There is a fair amount of other clandestine business to be savoured. It's uncovering, and the unsensational manner in which it is aired, is a tribute to the tenacity and meticulousness with which the authors have sifted through Coetsee’s mountain of evidence, which was squirrelled away until it was placed under the nose of Jan-Ad Stemmet by a University of the Free State archivist in 2013, 13 years after the former cabinet minister’s death. The book’s findings take the publicly known story of the shadowy interactions between Prisoner 913 and the National Party government much further than is commonly assumed, revealing hitherto unknown twists and turns.
These include both the obvious, such as the “last minute horse-trading” sessions of these years, and the less obvious or even startling. In a transcript of a pragmatic and blunt conversation between Coetsee and Mandela, 913 notes that the government’s promised release of a batch of long-term prisoners applies to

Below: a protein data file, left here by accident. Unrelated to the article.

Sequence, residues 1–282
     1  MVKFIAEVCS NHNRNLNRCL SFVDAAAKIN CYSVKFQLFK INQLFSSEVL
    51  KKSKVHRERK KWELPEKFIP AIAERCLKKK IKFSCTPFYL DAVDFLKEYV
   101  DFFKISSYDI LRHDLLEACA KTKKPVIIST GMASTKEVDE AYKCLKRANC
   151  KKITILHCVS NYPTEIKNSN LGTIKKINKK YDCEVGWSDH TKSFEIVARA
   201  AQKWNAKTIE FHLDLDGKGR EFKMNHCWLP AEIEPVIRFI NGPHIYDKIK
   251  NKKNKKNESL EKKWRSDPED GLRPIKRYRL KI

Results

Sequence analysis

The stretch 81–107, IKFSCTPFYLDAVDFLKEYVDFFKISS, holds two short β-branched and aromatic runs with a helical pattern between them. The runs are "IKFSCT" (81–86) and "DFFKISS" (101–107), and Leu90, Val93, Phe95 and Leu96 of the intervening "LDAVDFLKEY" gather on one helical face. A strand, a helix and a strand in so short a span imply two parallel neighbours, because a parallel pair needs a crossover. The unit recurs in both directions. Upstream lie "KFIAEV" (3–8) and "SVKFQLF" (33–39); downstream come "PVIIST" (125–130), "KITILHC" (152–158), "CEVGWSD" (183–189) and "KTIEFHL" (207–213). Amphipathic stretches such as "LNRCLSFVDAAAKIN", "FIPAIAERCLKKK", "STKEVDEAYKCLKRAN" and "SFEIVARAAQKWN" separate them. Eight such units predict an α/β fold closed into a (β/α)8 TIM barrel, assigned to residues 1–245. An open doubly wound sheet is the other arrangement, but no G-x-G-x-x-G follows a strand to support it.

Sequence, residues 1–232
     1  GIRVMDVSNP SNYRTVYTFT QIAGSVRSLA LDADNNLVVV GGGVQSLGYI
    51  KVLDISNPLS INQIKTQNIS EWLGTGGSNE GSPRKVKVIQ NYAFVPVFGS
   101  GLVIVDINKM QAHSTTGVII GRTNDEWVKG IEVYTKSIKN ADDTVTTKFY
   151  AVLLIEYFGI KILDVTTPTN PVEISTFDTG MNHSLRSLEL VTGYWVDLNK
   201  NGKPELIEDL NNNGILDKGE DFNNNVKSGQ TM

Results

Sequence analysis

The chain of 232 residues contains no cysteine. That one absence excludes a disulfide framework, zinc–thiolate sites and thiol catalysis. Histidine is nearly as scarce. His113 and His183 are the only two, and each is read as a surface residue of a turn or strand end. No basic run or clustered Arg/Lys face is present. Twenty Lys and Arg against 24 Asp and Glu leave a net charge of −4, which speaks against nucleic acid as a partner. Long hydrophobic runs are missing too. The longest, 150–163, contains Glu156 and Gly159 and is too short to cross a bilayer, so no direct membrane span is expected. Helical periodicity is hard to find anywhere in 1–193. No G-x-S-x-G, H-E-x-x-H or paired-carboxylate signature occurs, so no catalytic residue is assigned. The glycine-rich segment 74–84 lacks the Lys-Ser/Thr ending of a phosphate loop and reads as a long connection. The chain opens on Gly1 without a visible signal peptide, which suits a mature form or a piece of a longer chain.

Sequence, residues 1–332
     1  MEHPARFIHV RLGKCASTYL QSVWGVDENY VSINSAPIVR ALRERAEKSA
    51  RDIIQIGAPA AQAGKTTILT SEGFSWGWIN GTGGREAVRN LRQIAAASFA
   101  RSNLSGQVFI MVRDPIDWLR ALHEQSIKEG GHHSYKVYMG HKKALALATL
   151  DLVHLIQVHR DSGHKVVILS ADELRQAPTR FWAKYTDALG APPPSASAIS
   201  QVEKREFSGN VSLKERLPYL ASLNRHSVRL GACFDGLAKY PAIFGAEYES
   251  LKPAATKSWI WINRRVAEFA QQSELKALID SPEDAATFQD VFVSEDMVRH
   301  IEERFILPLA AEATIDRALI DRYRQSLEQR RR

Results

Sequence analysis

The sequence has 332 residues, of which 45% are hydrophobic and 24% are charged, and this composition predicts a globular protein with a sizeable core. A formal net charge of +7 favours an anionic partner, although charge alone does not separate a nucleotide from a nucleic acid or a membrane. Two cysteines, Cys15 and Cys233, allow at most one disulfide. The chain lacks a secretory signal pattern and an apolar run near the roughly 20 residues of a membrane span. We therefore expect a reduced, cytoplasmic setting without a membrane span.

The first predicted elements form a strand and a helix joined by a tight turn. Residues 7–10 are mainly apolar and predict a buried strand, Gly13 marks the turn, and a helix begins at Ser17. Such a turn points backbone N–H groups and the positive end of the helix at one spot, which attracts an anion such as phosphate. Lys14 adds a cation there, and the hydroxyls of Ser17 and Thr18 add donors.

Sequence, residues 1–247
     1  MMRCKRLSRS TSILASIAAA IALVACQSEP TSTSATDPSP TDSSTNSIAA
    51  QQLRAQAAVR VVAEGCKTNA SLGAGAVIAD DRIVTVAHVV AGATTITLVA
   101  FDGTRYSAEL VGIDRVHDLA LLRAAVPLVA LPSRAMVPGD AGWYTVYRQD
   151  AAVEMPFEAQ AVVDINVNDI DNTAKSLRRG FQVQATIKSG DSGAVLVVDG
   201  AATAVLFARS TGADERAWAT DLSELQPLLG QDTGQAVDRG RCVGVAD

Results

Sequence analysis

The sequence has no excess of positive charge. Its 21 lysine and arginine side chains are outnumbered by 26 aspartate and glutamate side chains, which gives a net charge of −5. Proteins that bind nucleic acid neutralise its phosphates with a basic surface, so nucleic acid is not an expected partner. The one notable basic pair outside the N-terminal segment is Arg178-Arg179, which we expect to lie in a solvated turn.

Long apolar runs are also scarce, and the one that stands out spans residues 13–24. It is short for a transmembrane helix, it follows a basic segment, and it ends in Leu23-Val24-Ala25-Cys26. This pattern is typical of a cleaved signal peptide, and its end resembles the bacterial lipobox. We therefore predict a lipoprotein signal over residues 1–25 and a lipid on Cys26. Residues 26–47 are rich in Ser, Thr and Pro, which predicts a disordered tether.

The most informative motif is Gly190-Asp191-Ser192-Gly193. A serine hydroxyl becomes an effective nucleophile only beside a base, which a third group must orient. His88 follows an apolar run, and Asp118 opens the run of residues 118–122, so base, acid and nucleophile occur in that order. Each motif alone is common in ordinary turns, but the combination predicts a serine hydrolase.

men who are “a South Sotho – all the others are Xhosas”. Pressing for the addition of a further two Zulu inmates as “a special case”, he points out that “the absence of people representing this group is a serious weakness. … Releasing them would also bolster his relationship with Chief Mangosuthu Buthelezi”. There’s nothing quite like a glimpse of nationalisms when stripped of their mythologising humbug.